June is Pride, an important time on the promotional calendar for brands.
They forge partnerships with queer talent, make donations to LGTBQ+ charities with the launch of Pride-themed collections and merchandise and participate in parades, parties, picnics and other celebrations of diversity and inclusivity.
Yet this year, there’s a dark cloud hanging over the month-long celebration. Any big brand’s activation, no matter how big or small, could face the physical or online vitriol of anti-LGBTQIA+ activists.
Empowered activists have already gone after Bud Light over its partnership with trans influencer Dylan Mulvaney, and its sales numbers have seen a steep decline since boycotts began.
More recently, Target has suffered the wrath of anti-LGBTQ activists. The retailer made the decision to remove some items from its Pride merchandise this year because of violent confrontations with its workers. In some locations, Pride merchandise was moved to a smaller section at the back of the store.
“Given these volatile circumstances, we are making adjustments to our plans, including removing items that have been at the center of the most confrontational behavior,” the retailer said in a statement. “Our focus now is on moving forward with our continuing commitment to the LGBTQIA+ community and standing with them as we celebrate Pride Month and throughout the year.”
The conflict isn’t just cultural; it’s also political. It has been a record year for anti-LGBTQ bills in state legislatures across the country. According to the American Civil Liberties Union’s Trans Legislation Tracker, more than 556 pieces of legislation have been tabled, with 79 of them passing into law.
The backlash means brands are unlikely to launch their first Pride campaigns this year, says Bob Witeck, president and founder of Witeck Communications.
“There is legitimate anxiety from brands,” he says. “These instigators seem to be having their day. The internet has given them undue power to light a fire, tell the public they should be angry at the Targets and Bud Lights of the world and create uncertainty in the minds of consumers about their [Pride support.]”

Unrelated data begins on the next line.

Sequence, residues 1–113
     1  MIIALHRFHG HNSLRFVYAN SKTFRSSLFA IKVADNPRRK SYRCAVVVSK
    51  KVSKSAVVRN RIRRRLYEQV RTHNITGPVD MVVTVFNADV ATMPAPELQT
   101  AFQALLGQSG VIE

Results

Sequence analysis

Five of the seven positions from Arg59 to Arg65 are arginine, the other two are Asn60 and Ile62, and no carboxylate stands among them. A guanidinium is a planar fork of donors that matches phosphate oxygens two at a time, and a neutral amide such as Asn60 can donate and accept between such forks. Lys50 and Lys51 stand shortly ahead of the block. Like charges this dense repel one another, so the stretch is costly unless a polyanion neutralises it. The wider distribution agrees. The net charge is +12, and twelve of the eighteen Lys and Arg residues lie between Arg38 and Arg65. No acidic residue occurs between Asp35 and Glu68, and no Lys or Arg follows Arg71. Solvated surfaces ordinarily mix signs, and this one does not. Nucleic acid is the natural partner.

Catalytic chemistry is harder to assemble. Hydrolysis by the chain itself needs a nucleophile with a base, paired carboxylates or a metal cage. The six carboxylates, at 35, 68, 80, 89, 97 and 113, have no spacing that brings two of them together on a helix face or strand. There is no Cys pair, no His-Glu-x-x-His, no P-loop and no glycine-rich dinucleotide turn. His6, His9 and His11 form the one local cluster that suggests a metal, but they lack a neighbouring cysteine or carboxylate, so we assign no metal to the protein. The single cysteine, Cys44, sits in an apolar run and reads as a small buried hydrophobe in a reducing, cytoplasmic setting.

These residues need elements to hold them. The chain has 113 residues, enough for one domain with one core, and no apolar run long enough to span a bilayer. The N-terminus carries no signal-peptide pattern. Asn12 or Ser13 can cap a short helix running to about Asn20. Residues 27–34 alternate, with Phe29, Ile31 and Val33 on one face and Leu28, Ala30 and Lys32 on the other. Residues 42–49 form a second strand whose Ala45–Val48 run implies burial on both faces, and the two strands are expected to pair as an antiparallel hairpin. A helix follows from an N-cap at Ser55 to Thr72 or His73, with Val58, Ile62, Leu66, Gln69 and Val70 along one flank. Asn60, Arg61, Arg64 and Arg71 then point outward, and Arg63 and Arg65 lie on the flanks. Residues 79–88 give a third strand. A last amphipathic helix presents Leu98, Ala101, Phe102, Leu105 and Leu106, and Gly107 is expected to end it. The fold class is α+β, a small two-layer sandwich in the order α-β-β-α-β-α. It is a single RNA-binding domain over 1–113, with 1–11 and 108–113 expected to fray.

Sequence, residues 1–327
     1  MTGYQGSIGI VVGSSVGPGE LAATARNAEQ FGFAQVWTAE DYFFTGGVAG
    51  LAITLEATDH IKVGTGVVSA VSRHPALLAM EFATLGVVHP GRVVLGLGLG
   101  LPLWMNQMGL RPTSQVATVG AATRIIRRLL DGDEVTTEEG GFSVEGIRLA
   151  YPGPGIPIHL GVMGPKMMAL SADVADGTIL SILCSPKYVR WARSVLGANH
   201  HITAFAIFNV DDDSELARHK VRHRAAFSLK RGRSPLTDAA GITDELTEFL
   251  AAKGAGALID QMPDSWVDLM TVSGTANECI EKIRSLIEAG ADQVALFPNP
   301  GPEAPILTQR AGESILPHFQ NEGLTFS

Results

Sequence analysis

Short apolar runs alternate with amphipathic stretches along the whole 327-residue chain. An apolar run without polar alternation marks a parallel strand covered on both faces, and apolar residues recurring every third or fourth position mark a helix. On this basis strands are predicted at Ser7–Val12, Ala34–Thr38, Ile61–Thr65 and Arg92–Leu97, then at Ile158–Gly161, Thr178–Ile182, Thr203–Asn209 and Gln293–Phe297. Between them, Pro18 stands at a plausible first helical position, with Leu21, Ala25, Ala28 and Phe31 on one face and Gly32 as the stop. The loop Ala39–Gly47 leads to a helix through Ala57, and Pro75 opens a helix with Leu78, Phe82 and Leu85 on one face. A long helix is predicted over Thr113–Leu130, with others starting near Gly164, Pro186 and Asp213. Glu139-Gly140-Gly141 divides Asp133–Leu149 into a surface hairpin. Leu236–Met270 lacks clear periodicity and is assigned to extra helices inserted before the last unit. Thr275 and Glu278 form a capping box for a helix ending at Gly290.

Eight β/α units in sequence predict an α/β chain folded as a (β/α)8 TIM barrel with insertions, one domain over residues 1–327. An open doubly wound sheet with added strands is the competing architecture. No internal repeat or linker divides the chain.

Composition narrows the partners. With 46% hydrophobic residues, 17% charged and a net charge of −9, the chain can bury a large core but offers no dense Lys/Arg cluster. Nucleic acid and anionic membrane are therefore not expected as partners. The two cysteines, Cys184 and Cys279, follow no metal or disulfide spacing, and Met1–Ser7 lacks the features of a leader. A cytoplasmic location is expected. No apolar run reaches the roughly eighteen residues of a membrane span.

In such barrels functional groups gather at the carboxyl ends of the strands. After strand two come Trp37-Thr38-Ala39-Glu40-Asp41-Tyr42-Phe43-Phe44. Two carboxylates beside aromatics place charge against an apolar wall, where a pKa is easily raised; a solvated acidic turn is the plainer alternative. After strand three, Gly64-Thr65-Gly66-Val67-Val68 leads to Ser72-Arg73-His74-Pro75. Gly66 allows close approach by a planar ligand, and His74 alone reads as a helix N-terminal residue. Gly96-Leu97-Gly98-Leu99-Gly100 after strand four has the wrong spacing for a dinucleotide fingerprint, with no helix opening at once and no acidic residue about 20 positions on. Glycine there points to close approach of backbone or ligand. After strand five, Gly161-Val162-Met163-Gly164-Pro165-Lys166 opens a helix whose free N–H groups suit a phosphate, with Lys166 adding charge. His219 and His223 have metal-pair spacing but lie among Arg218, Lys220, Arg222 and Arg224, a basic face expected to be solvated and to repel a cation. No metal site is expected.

Anti-trans activists on social media have stirred up other users by saying that Target is selling “tuck-friendly” swimsuits for children. The reality is that the swimwear is offered in adult sizes.
The trepidation is palpable from large PR agencies and big brands that have been celebrated for their past Pride activations. Several did not respond to requests for comment for this article or said they aren’t ready to be a part of the discussion.
Witeck said he does not expect brands that have conducted Pride campaigns long-term to back away from their strategies, but their scope may be limited, particularly in terms of storytelling with trans people.
“Trans people are being victimized in such a profoundly cruel way and feel very deeply vulnerable right now in certain states where they are being denied healthcare, that it would be very anxiety-inducing for them to be in the public eye as part of a campaign,” he says. “In the near-term, it’s going to be harder for brands to tell their stories.”